Dà Hóng Páo – Great Red Robe oolong tea

Da Hong Pao

Dà Hóng Páo () is an important Wuyi oolong tea. It’s often referred to as the king of teas and there are many legends surrounding it’s name.

The tea became famous in Ming times, but dates back to the Song Dynasty, and is still venerated to this day for its excellent quality.

It originally grew on Heavenly Mind Cliff, where there was a large monastery. The monks cultivated the tea growing in a rocky crevice moistened by a spring; but picking it was so laborious on account of the height of the trees that the output was tiny and reserved exclusively for the Emporer’s personal use.

According to one legend,  an important Ming official was sent to supervise the picking. He removed his embroidered red robe and hung it on a bush so as not to be hampered while climbing to the lofty branches, thus giving the name big red robe.

Last remnants of cabin

The last remnants of the old Da Hong Pao guardhouse

Another legend has it that due to the inaccessibility of the plants, the monks could only harvest leaves that had fallen naturally. They then trained monkeys tied to ropes to go pick the tea for them. The monkeys wore red robes in the Emperor’s honour, and seen from a distance the trees seemed to be covered with red blossom.

Yet another legend states that the mother of a Ming Dynasty emperor was cured of an illness by tea made from these bushes. The Emperor then sent great red robes to clothe the four bushes in order to honour their greatness.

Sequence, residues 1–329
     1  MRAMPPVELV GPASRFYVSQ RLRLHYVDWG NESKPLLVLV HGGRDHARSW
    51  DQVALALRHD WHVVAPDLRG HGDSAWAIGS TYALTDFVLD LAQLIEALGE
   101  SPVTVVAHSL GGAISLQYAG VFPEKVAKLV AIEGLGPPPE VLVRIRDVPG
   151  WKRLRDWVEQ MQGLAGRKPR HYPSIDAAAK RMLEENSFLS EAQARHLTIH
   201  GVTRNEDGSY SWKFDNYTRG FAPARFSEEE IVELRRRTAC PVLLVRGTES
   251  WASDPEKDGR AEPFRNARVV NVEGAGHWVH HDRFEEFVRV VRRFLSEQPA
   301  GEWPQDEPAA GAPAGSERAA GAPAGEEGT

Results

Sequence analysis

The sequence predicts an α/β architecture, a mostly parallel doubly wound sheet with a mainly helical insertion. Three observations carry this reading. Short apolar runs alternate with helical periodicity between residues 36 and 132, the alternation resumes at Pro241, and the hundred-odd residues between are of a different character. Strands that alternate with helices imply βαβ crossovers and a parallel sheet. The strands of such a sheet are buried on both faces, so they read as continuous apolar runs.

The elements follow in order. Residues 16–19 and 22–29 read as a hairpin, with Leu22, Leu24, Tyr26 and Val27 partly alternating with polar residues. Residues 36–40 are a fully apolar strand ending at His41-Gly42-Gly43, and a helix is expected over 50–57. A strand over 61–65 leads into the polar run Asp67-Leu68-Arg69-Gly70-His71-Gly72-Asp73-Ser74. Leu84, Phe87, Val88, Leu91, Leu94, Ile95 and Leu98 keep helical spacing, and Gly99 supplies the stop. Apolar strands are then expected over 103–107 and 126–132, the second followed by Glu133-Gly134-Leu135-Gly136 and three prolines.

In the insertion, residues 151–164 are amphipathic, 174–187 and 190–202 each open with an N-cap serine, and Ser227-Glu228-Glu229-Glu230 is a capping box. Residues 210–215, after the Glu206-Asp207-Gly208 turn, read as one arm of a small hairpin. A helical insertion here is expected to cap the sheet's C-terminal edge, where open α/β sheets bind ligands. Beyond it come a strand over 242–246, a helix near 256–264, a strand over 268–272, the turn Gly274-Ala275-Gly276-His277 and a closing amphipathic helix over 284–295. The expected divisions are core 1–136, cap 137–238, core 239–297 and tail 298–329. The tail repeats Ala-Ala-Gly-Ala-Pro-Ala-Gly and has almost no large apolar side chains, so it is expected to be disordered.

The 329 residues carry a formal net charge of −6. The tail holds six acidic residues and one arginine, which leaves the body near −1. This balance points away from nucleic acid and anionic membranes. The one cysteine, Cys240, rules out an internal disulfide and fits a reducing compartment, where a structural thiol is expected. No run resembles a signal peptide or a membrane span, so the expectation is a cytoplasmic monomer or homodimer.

Some stories say that during winter the bushes were clothed in red robes to shield them from the cold.

What we know for sure is that the edge of the young shoots  of the Da hong Pao plants are tinged with red.

Whichever legend rings true, six of these bushes still grow today on Mount Wuyi and are greatly venerated. At one point less than 1 kg was harvested from these plants each year.

Currently these bushes are only picked by an 80 year old woman. However, she has not picked any for the last 6 years. The bushes have become thin and straggly and have been allowed to rest and recover.

If you ever travel to the spectacular Wuyi Mountains do take the time to visit the Da Hong Pao area and take in the natural splendour and magic of the place. There is also a spectacular show in town, created by the coreographer of the Beijing Olympics opening  and closing ceremonies  and film maker  Zhang Yimou.

In our shop we have 5 Da Hong Pao oolongs of different grades and qualities – from the everyday tea to the most exquisite wild Da Hong Pao.

 

2 Comments

  • Have you tasted the tea Alex?

  • Alexander wrote:

    I haven’t tasted tea from the original bush. That is usually reserved for presents for guests of the Government, such as Nixon and Dalai Lama. But one of my greater tea experiences is of tasting a wild grown Da Hong Pao. The taste and experience of that tea stayed with me for 5 hours. A wonderful and heavily spirited tea.

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